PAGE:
The Frame-Work of Fractals

Michael Frame walked up to the podium, carrying his transparen­cies, mentally going through his presentation. When he looked down at the crowd, he was shocked to see one particular person in the audience: Benoit Mandelbrot. Frame was to give an introductory speech about Mandelbrot, with the legendary mathematician sitting before his very eyes.

This all started back when Frame was a professor working on differential topology at Union College. At the time, Frame had been collaborating with physicist David Peak teaching an introductory course on fractals. A few years later, the nearby State University of New York at Albany was presenting an honorary degree to Benoit Mandelbrot, father of fractal mathematics and Yale Sterling Professor Emeritus. Peak was asked to give an introduction speech at the ceremony, but he was out of town that weekend. Instead, the offer went to Frame.

Looking back, Frame says it was like “giving an intro to the ten commandments with Moses sitting in the front row.” After­wards, Mandelbrot complimented Frame’s talk, mentioning that the two should work together in the future – a gesture Frame dismissed as politeness on Mandelbrot’s part. To his surprise, two years later Frame received a call from Mandelbrot, asking him to come to Yale to teach a course on fractals.

Fractals belong to a class of geomet­ric structures that contain a pattern that repeats itself at smaller scales. When sub­parts resemble the whole, the structure is called “self-similar,” and self-similar fractals have an irregular and fine structure at all scales of measurement. Fractal self-similarity and irregularity are seen often in nature, such as in leaf veins, tree branches, tributaries and mountains.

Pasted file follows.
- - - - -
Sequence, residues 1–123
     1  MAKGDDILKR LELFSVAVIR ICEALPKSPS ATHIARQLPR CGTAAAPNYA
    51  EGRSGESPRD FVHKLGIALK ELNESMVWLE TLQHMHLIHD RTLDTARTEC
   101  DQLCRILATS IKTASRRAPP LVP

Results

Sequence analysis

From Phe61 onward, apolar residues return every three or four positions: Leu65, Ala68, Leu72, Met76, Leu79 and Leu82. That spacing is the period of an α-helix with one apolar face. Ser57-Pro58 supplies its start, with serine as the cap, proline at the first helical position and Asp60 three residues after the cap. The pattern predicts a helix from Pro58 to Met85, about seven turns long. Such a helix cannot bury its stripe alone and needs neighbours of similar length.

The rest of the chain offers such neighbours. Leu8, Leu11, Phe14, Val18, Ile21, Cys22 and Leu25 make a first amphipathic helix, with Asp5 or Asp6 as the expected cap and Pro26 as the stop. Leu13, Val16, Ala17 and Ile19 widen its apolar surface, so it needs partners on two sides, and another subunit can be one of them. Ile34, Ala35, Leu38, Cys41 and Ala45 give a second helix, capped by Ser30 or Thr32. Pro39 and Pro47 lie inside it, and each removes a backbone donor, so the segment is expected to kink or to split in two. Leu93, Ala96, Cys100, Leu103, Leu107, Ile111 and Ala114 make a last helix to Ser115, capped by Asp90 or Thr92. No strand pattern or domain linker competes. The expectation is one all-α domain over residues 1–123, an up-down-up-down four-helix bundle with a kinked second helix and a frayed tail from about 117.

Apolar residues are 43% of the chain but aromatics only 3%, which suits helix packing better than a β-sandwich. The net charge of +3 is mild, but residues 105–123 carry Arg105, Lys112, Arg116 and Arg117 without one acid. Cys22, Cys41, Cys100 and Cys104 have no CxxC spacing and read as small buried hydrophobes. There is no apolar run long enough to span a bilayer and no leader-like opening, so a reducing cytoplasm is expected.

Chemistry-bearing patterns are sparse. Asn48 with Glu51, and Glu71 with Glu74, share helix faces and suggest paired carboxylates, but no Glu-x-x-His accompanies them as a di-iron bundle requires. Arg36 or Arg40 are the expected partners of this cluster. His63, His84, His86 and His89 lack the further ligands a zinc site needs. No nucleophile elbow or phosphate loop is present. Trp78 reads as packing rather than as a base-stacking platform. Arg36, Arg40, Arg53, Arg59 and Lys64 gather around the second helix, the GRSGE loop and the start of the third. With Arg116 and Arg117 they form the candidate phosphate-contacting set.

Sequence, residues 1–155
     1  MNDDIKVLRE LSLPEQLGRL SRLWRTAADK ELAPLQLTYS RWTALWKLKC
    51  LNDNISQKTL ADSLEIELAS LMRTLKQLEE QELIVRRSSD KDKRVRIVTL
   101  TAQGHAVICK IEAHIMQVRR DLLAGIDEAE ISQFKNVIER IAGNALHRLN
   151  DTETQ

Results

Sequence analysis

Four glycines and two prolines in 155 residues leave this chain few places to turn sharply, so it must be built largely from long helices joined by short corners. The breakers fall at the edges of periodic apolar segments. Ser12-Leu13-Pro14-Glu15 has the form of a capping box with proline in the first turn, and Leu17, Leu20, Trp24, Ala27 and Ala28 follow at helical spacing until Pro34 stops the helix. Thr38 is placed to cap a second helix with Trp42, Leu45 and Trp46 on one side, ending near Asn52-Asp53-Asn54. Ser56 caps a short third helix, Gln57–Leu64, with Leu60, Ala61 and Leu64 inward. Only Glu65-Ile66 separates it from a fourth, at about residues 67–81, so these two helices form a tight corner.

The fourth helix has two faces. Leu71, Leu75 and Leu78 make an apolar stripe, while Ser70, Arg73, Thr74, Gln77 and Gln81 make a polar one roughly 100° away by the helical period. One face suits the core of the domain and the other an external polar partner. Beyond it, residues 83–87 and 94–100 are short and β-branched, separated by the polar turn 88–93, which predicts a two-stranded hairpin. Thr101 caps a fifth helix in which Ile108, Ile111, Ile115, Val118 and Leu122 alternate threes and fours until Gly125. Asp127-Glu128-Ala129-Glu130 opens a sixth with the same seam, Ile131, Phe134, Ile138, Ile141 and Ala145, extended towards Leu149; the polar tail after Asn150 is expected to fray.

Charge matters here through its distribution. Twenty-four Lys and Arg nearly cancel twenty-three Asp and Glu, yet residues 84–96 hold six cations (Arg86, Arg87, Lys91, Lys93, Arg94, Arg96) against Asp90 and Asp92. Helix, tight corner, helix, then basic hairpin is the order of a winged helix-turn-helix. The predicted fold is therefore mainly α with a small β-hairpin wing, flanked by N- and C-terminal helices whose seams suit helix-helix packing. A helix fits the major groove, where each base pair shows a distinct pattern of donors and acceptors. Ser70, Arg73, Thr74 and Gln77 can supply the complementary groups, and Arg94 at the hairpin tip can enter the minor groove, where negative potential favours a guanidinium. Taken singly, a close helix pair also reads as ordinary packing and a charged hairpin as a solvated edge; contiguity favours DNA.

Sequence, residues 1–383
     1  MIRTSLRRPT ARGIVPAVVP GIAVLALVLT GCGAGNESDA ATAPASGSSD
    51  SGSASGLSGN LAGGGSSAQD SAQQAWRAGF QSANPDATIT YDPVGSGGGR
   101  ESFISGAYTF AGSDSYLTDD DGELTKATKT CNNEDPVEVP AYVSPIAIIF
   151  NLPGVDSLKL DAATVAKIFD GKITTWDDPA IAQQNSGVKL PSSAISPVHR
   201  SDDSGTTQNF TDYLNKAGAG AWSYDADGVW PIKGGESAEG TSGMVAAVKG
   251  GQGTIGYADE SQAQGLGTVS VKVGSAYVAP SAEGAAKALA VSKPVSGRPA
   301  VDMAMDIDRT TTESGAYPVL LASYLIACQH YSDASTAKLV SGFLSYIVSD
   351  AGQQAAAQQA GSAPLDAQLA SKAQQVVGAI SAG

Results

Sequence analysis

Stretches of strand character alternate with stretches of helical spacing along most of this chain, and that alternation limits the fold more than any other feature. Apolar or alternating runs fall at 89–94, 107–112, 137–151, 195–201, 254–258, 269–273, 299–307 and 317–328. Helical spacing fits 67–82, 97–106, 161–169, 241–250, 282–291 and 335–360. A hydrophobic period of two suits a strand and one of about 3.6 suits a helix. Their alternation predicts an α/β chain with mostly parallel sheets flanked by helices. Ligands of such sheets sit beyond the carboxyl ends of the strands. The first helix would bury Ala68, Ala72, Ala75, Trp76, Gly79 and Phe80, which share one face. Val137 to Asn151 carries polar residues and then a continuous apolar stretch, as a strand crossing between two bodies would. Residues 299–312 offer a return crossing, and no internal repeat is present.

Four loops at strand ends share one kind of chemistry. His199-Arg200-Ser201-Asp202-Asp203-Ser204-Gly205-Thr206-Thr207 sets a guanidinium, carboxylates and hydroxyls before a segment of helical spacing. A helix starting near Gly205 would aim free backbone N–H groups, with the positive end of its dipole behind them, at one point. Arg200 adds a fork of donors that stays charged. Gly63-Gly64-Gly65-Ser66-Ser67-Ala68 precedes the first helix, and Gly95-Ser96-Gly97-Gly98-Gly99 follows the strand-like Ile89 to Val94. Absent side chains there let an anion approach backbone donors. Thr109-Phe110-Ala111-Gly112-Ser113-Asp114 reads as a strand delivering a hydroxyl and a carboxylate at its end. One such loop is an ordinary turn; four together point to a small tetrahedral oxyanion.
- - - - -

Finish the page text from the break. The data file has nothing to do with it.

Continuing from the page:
Making Math Digestible: Guidelines for Excellent Teaching

After Frame received the invitation from Mandelbrot, he alternated semesters at Yale and Union College, teaching the introduc­tory fractal course at Yale. Since then, he has expanded to teaching seven math courses, including MATH 190 and MATH 290 (Introductory and Intermediate Frac­tals) and Math101 (Geometry of Nature).

Even at Yale, where “you have Field medalists teaching undergraduates,” it is sometimes unusual for a professor to focus so much on undergraduate teaching. When asked about it, Frame responded, “When I started teaching, I just got hooked.”

Frame now holds Yale’s Dylan Hixon ’88 Prize for teaching excellence in the natural sciences, awarded to him in 2009, and the McCredie Prize for the best use of technology in teaching at Yale College, awarded in 2003.

Frame’s first teaching experience was in graduate school. As a teaching assistant (TA), he led recitation for a multivariable calculus class and ended up taking over the course when the professor became ill. At that point, he had no idea what the students’ level was, but he remembers thinking, “All they are going to get is going to be from me, from the book, or from talking to each other.” As a result, he tried to make as the subject as easy as possible for the students by starting with the simplest concepts and building up and presenting straightforward explanations.

Frame advocates a simple guideline for teaching: teach in a way that aligns with your personality. He explained, “For example, if you’re a nice guy, don’t try to feign tough­ness.” He continued, “For me, because I’m not the brightest guy, this means really simple explanations. I understand what it’s like to not understand something.”

That might be a surprising statement to hear from a Yale math professor. When probed further about it, Frame just laughed, “I’m the stupidest guy in the department… the dimmest bulb in the pack here. My stuff is a lot simpler, so if I’m going to make a contribution to the department, it will not be by writing papers that astound the world. It’ll be by teaching.”